For many, coffee in the morning is essential, a necessary condition that must be satisfied in order for pretty much any other activity to have any chance of occurring, let alone being performed well. But while it may feel to us like a requirement, a new study finds that drinking coffee may be done more out of habit than need.

As reported by USC News, for a recently published study in the journal Psychological Science, researchers from the University of Southern California examined human behavior and how well we are able to properly attribute the cause of it. The behavior in question? Drinking coffee.

For their study, researchers asked students what drives their coffee drinking habits, with respondents say that “fatigue was about twice as important as habit.” Those study participants were then tracked for one week, where their coffee drinking and tiredness was recorded every two hours. In tracking the participants and their reasoning for grabbing a coffee, researchers found that “habit was just as strong an influence on coffee consumption as feeling tired,” running contrary to the individuals’ self-assessments.

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To further explain the role habit—which study author Asaf Mazar describes as an “automatic triggering of behavior, versus conscious intentions”—plays in our decision making, researchers conducted a second, online experiment where participants were asked to “[recall] a negative, positive, or neutral memory.” They were then put through a test where they have would to repeatedly press a left- or right-hand button. Participants were then asked if they were willing to take part in additional trials using the same two buttons, and researchers found that respondents answer to this question had something to do with their button-pressing habits. They found that people throughout the test who more frequently pressed the button associated with “no” in the final question were more likely to decline providing further assistance than those whose button-pressing was more evenly dispersed. In short, they got in the habit of pressing the left or right button, so when the final question came, they stuck with it.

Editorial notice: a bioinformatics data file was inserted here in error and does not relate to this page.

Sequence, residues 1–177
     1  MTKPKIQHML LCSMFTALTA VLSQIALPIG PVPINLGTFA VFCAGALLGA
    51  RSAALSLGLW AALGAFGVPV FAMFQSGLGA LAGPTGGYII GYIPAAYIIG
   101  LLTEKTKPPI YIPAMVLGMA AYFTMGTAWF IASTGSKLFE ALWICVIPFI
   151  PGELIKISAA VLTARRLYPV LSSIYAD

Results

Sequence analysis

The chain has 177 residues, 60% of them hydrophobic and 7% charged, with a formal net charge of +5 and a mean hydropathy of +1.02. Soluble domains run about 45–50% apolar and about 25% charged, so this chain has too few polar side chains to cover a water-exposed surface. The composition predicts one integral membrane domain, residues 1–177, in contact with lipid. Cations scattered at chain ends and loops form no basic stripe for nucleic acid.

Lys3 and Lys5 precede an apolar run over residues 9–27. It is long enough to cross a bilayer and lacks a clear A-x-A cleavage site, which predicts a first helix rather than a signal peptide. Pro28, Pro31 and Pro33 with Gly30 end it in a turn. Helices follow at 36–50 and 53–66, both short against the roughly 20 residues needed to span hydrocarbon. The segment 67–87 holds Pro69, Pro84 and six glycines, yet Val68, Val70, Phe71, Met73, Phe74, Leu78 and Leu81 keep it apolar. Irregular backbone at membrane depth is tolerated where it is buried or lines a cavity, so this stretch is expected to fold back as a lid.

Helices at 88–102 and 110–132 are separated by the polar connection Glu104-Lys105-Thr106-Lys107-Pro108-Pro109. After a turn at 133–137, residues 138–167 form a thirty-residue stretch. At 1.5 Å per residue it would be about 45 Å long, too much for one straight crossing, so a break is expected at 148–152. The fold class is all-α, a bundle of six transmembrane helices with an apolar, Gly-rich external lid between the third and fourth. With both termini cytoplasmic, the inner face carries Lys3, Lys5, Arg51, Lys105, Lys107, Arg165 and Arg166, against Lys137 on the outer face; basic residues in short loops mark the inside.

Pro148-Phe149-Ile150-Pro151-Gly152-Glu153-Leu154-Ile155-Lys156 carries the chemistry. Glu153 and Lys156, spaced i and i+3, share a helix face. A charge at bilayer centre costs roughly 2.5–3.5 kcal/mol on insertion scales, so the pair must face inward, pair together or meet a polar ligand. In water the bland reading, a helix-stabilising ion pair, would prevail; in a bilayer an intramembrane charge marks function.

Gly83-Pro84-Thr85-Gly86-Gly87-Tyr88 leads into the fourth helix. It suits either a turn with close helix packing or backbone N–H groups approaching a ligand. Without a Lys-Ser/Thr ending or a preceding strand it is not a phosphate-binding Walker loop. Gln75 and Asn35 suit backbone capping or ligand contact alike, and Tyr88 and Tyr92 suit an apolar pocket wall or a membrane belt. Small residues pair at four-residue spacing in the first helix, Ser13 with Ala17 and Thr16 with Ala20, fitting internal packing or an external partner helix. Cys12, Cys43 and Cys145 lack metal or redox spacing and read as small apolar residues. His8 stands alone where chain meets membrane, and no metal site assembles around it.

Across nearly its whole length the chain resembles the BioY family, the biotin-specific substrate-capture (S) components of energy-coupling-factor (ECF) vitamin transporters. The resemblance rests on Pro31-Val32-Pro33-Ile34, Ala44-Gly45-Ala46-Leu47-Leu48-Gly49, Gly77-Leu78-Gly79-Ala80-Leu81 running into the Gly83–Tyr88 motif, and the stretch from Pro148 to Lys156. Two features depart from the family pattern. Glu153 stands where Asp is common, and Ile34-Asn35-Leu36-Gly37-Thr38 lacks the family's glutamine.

“Much of what we do every day is habitual, but we are reluctant to acknowledge our habits and instead chalk our behaviors up to our mood and our intentions,” said study author Wendy Wood, USC Provost Professor of psychology and business.

The study’s authors go on to note that doing something habitually isn’t intrinsically bad and in fact can sometimes be beneficial. Positive things like eating healthy foods, exercising, and recycling can be done habitually and it is the inertia of that repeated behavior that allows us to continue those practices more than their ascribed goodness. It is simply that we as humans aren’t too great at explaining what drives us to do repeated behaviors: need or habit.

It is here where I come to the defense of the necessity of daily coffee consumption and say, “can’t it be both?” Can’t the repetition of an act be based on its repeated need? If you know you will feel more alert after having that first cup of coffee, regardless of your level of tiredness before it, could that not be deemed more functional than habitual? Does one need to fully dissect the reasoning for doing an action each and every time they do it, even when the motivation remains constant day in and day out, in order for it be not be done habitually?

So yeah, maybe drinking coffee is habitual… habitually good.

Zac Cadwalader is the managing editor at Sprudge Media Network and a staff writer based in Dallas. Read more Zac Cadwalader on Sprudge.

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